By weaving the stories of the Greek gods into the tale of Percy Jackson, Riordan has created a magnificent world that feels entirely possible because so much of it is familiar to us. There's hardly a dull moment in the story, and by doling out bits of information slowly, the author ensures that we're always wanting more. I found myself liking all of the characters in The Lightning Thief, and enjoyed learning their back-stories.

We're told at the beginning of the story that Percy is twelve, but I had a hard time picturing him as any younger than 16. Which, to me, is a good thing. I love my YA fantasy series, but I don't like to feel like I'm reading a children's book, and I believe that The Lightning Thief stands up well as a tale that will appeal to both teens and adults alike.

My one criticism of the story is the glaring similarities to the Harry Potter series. Yet even with the obvious parallels, it somehow doesn't take much away from this wonderful tale.
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1 of 1 people found the following review helpful By Matthew on Jan. 30 2006
Format: Audio CD
This book is so good I couldn't put it down for a second. I have now read it three times and plan to read it more. I am dying for the second book to come out and hope it does come soon. Percy Jackson who lives in Manhattan has to go on a life-changing adventure to stop the Olympian gods of Greece from making world war three. The author mixes a setting from today with the gods and creatures of ancient Greek mythology. It involves action and adventure, lots of fighting, and many hilarious comments. I highly recommend this book to anybody who is interested in mythology!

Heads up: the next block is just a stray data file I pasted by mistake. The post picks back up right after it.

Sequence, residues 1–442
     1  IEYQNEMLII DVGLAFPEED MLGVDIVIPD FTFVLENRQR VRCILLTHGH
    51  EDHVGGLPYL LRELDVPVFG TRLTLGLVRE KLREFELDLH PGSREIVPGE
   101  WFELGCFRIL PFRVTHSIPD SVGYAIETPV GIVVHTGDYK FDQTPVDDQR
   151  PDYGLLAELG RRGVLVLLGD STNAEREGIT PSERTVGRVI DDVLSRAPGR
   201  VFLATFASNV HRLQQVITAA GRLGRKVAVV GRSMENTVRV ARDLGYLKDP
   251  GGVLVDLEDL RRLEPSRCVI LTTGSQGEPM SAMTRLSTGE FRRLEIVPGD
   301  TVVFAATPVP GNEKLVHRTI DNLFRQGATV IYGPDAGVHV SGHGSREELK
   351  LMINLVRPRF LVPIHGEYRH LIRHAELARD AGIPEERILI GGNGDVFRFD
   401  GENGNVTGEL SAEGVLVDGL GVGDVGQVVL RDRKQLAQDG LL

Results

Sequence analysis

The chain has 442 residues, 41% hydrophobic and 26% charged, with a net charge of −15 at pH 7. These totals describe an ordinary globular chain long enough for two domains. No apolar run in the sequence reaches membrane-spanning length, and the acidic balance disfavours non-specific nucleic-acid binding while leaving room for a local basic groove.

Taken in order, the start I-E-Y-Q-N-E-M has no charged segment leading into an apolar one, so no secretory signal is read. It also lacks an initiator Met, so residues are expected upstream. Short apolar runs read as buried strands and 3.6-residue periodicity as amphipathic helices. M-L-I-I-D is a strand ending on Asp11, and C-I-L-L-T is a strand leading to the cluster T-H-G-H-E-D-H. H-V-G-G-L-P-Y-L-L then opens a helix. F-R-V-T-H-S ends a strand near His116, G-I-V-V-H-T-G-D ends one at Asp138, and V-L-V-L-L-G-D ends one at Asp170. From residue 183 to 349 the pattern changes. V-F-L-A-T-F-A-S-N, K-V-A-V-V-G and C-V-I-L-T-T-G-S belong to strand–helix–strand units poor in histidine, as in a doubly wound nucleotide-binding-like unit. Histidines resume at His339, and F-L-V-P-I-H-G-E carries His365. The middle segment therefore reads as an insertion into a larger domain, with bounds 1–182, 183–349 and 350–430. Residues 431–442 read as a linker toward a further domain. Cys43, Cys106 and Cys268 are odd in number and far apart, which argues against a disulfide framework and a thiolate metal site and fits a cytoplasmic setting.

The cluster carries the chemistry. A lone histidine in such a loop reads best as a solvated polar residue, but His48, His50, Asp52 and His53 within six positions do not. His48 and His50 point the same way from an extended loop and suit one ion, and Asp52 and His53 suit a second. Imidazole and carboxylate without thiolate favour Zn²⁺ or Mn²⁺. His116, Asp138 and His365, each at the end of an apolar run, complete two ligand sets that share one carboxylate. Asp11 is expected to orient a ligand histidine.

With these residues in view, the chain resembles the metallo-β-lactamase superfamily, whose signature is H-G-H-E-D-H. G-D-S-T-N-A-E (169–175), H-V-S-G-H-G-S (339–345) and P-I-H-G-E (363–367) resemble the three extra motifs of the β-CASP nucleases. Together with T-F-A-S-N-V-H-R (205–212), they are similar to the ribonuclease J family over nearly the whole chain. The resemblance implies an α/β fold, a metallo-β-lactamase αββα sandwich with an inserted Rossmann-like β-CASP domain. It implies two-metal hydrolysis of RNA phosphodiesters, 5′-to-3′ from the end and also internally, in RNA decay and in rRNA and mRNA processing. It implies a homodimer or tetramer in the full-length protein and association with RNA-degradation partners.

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By E. A Solinas HALL OF FAMETOP 50 REVIEWER on May 16 2010
Format: Paperback
If you know anything about Greek mythology, you'll know that their gods had a tendency to produce demigod kids by the dozen. So it's not too hard to guess what "The Lightning Thief" is about -- a boy who discovers that he's the offspring of a god, and the other demi-god kids that he gets to know at a very, very special camp. While the introduction is a bit rocky, Rick Riordan spins a clever fast-moving adventure that mines ancient mythology and gives it a modern spin.

Percy Jackson has always been a troublemaker, but he's shocked when some truly strange things begin to happen in his life -- and especially when a minotaur appears and attacks his car. When he comes to, he learns that he's at a special training camp called Camp Half-Blood intended for demi-god children, and that his best friend Grover is actually a satyr bodyguard. Though Percy is understandably resistant to the idea, he soon makes friends in the sharp Annabeth and the bitter Luke (and enemies with the kids from Cabin Ares).

Oh yes, and he finds that he's the son of the god Poseidon... which is a problem since the "Big Three" gods have sworn an oath not to father any more kids, due to a rather ominous prophecy.

The problem is that Zeus and Poseidon are also having a feud at the moment, due to the loss of Zeus's master lightning bolt -- and Zeus believes that Percy is the culprit. And if things aren't patched up by the summer solstice, the forces of sky and sea will go to war. To save civilization -- and someone dear to him -- Percy must venture into the world of the dead...

"The Lightning Thief" is all a little Harry Potter in concept -- ordinary kid discovers he has magical powers, and is taught in a specialized school/camp with other kids like him.